Alison Hurst founded Safe Place for Youth as the Westside’s first dedicated service provider for homeless youth and, after 10 years of exceptional growth, has decided it is time to move on.
When Hurst began her work SPY was nothing more than a group of volunteers handing out bags of food and clothes to homeless youth in Venice Beach.
A decade later it has expanded into an organization with over 80 employees providing housing, case management, street outreach, health and wellness support, and education and employment programs to over 1,500 youths a year.
“The decision to launch something was born out of the shock, frustration and horror that young people were living in the streets and not receiving the services that they needed,” said Hurst. “In my wildest dreams I never imagined that it would be the organization that it is today.”
On Jan. 12, Hurst announced that she and her husband will be moving back to the UK in August to be closer to family and is looking for a suitable replacement to spearhead the next era of leadership at SPY.
While the organization has transformed over the past decade the principles of “care and connection” and a “low barrier approach” have always been at the core of SPY’s work.
Under this philosophy, outreach workers forge relationships with homeless youth and place them as leaders in building their own pathway off the street and into stable and prosperous lives. SPY also employs many formerly homeless individuals to support young people currently going through their programs.
Hurst’s work has not always been met with thanks. Many community members strongly oppose the expansion of homeless housing units in the neighborhood and believe they increase crime and attract more encampments.
“I’ve always lived in Mar Vista, and the whole time I’ve been here for 20 years the pushback and the NIMBYism against any kind of resources in this community has been incredibly painful,” said Hurst. “But every time I get to sit with a young person whose life has been transformed because of their own resilience and access to our services it makes it all worth it.”
SPY has recently come under criticism for its role as a service provider at the Venice Bridge Home — a 154 bed transitional housing project operated by the City of Los Angeles, which opened in late February 2020.
In its first nine months of operation, LAPD reported an 88 percent increase in violent crime in the area around the shelter, and statistics provided by CD-11 Venice Field Deputy Nisa Kove reported that only seven residents transitioned into permanent housing during the shelter’s first six months of operation.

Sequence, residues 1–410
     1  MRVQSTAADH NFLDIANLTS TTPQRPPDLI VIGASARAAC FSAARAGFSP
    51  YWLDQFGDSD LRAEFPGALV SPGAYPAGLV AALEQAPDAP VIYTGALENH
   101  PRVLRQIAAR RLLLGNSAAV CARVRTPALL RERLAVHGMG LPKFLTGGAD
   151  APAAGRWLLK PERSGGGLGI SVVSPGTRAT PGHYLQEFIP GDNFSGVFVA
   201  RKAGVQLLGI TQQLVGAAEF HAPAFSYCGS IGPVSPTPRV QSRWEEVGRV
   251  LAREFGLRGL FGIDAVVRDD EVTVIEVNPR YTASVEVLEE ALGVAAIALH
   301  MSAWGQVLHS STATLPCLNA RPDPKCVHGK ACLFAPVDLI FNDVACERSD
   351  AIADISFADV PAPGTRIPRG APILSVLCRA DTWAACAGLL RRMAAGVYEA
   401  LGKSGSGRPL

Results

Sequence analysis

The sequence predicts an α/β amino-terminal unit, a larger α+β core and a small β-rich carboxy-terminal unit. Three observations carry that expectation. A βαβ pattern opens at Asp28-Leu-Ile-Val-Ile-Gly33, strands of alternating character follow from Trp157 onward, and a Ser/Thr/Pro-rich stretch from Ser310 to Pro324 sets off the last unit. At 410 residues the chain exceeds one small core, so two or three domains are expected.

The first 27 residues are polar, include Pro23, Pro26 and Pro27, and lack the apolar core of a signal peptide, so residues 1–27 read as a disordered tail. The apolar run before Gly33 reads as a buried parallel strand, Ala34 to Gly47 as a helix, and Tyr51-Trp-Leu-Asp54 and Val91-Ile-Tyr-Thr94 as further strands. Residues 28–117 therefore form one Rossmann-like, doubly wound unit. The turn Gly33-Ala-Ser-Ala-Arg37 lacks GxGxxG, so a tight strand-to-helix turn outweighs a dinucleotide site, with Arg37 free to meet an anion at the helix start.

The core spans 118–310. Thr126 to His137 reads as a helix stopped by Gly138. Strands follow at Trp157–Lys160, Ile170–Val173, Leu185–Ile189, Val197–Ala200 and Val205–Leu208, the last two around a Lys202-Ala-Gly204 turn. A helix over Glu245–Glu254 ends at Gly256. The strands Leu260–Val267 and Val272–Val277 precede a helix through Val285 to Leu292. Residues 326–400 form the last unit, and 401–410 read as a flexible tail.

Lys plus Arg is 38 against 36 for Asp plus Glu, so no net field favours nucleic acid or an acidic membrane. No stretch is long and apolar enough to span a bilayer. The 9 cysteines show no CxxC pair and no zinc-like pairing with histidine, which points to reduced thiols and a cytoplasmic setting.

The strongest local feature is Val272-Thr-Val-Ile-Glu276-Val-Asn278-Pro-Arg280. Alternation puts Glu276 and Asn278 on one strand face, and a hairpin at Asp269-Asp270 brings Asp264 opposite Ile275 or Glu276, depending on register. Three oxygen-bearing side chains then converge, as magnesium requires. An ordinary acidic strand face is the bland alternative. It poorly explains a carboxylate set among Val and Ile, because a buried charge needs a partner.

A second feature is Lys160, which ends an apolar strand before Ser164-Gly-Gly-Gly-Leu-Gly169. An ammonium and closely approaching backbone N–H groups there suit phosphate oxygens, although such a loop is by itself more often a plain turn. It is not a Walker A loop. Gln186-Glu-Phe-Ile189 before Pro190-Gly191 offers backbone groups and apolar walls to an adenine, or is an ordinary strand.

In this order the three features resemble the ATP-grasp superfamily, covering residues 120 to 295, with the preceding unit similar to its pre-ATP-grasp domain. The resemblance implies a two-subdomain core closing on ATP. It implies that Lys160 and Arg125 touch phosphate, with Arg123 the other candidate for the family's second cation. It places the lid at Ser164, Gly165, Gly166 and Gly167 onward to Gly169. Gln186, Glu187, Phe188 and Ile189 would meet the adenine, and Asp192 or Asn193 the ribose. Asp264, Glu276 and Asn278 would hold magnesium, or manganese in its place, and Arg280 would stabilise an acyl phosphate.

While these numbers paint a stark picture, Hurst does not feel like the home is a failure and said there is much more to the story.
“I think it’s a huge success,” said Hurst. “We launched the bridge and the pandemic happened literally two weeks afterwards, so I think it’s remarkable what we’ve been able to do.”
Hurst said that while SPY provides services to people living in the home, it has no authority over encampments outside the shelter. The City of LA promised increased security and sanitization enforcement would be provided by specially trained LAPD officers in the four block radius of the shelter, but this has not occurred.
In response to the increase in crime surrounding the shelter, Hurst pointed to the lack of enforcement services and the reduction of police presence. She said crime has been on the rise all around Venice during the pandemic and that it cannot be directly attributed to the Bridge Home.
“I firmly believe that the Bridge is a positive thing for the community,” said Hurst. “If you’re lucky like me to visit and meet and speak with the residents, you’ll know immediately that people are thriving.”
Through the Bridge Home and SPY’s expansion of its pregnant and parenting housing program, the organization has been able to increase the number of youths it houses by 115 percent in the last year.
Hurst hopes that going forward SPY will continue expanding the number of beds it can provide to homeless youth. Hurst is looking for a replacement who will understand the importance of having the community build homeless solutions together and will be focused on racial equity and inclusion.
“It’s been an incredible honor and privilege to do this work for the last 10 years,” said Hurst. “The people that I’ve met along the way that show up day in and day out, because they care so deeply about folks experiencing homelessness just blow me away. The young folks that we serve and their resiliency overcoming trauma just blow me away.”